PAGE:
The good guys, the bad guys and the shades of gray in wrestling.

Every single form of media has a protagonist and an antagonist, and of course professional wrestling is no different. Week after week all over the world “heels” (wrestling’s name for bad guys)  and “babyfaces” (the term used to discribe wrestling’s heroes) take to the ring to further the storylines and entertain the masses. However the line between the two sides of the wrestling coin has never been less clear. In the days before the WWE took their brand of sports entertainment national, heels and faces weren’t allowed to associate together. Separate dressing rooms and travel were the norm. The penalty for being seen with a member of the opposite side of the roster was steep. In 1987 WWE Hall of Famers “Hacksaw” Jim Duggar and The Iron Sheik were pulled over by police while traveling together and the discovery of drugs in their car was less of an issue to WWE management than the fact that two hated rivals were seen traveling together. In the modern era it’s very doubtful fans or management would care about that aspect of the  incident. In the 21st century heels might get booed and jeered in the arena but they also are some of the biggest movers of merchandise. A heel having action figures and t-shirts was unheard of in the past and now it’s completely acceptable. Can a bad guy really be a bad guy if school kids are playing with their toys and wearing a shirt with their face on it? In the WWE the villainous stable “The Bloodline” are among the biggest movers of merchandise in the company’s history. Maxwell Jacob Freeman or MJF openly tells people that he’s “better than them…..and they know it” yet sells thousands of shirts with that same slogan to fans. Do true heels and faces still actually exist in the wrestling industry anymore? Join us this Sunday at 6:00pm CST on Issues With Wrestling as we debate the modern heel and face dynamic.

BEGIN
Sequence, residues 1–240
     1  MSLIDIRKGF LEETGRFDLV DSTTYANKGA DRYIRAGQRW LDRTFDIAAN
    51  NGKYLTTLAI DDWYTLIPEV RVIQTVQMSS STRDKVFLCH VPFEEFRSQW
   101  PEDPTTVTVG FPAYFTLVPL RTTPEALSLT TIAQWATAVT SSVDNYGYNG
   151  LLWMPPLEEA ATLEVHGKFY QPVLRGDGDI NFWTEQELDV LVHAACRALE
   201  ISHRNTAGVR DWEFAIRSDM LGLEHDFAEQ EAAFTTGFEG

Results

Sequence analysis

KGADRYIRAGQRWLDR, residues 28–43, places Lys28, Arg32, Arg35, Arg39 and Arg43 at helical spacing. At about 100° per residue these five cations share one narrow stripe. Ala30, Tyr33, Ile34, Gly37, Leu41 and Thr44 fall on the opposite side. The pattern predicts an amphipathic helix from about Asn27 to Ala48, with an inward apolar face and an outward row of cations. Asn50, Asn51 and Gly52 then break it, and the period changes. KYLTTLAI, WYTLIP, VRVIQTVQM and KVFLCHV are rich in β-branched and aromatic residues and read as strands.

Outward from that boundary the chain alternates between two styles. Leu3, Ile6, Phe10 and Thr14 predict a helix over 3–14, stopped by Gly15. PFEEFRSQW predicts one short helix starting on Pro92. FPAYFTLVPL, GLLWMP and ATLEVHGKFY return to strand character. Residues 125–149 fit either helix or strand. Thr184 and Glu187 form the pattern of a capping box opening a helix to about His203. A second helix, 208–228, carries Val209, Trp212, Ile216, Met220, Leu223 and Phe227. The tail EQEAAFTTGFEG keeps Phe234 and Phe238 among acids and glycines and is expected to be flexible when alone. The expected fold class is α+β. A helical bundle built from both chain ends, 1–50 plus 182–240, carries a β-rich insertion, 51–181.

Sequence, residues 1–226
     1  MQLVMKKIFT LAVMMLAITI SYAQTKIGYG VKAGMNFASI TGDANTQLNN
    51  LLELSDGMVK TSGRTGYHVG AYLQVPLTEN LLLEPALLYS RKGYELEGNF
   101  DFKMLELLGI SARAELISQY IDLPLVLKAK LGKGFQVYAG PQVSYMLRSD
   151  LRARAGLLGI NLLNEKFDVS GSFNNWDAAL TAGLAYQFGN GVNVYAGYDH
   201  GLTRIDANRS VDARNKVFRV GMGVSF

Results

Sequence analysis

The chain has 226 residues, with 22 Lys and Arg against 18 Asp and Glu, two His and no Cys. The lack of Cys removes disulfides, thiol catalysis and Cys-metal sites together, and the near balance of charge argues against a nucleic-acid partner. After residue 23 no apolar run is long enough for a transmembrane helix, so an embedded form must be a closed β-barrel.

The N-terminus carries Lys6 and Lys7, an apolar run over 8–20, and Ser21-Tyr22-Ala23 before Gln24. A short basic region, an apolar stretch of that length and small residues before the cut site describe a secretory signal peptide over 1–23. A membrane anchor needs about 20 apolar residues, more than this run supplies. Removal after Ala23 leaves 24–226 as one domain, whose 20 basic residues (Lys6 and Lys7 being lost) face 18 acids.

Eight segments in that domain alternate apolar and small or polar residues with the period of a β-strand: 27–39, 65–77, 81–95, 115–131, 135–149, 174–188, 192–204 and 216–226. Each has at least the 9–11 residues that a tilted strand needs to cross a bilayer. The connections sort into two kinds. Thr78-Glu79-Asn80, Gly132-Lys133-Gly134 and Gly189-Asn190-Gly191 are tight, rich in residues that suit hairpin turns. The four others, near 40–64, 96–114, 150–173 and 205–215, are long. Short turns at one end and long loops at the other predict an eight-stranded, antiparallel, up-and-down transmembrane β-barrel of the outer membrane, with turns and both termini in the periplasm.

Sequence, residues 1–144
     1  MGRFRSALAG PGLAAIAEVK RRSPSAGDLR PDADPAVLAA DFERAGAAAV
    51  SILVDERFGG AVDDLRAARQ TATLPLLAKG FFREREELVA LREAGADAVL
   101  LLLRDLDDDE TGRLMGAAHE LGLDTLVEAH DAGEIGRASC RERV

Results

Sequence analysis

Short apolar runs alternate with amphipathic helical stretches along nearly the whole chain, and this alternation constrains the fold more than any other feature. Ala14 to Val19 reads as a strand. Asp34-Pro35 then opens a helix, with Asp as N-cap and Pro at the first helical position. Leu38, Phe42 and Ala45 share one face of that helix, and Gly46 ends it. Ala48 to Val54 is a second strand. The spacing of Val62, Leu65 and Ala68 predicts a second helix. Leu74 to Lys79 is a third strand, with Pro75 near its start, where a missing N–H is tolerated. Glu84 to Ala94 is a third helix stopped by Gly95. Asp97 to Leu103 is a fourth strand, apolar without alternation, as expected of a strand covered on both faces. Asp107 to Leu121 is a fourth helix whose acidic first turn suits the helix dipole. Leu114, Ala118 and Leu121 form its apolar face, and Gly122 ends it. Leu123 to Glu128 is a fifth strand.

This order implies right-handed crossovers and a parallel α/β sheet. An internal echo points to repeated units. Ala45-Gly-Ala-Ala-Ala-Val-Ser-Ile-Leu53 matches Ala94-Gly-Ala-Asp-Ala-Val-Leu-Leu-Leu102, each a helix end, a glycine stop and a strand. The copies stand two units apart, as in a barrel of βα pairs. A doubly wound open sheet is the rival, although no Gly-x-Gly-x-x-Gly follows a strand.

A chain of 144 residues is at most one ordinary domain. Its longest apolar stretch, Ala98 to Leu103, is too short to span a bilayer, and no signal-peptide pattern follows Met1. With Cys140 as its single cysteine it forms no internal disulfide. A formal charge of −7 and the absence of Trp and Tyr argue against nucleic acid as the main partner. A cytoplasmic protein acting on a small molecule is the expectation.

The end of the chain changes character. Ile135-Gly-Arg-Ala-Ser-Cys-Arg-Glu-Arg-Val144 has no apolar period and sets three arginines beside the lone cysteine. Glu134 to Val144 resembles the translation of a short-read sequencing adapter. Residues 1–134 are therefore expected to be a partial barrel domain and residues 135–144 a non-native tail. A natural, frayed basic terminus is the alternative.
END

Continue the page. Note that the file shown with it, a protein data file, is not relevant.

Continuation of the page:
Photo Credit: WWE

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